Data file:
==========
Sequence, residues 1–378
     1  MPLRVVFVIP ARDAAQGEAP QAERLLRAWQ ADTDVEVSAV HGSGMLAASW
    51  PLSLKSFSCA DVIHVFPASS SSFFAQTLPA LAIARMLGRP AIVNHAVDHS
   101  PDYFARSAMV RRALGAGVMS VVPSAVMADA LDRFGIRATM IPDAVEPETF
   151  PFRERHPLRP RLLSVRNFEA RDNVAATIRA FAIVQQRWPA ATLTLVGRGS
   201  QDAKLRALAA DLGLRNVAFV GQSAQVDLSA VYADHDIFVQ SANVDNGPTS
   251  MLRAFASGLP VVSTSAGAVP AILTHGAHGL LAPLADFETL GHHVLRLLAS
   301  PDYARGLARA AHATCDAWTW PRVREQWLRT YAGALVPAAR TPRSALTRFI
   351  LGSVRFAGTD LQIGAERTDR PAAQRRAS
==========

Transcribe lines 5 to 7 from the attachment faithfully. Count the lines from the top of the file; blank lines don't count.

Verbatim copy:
   151  PFRERHPLRP RLLSVRNFEA RDNVAATIRA FAIVQQRWPA ATLTLVGRGS
   201  QDAKLRALAA DLGLRNVAFV GQSAQVDLSA VYADHDIFVQ SANVDNGPTS
   251  MLRAFASGLP VVSTSAGAVP AILTHGAHGL LAPLADFETL GHHVLRLLAS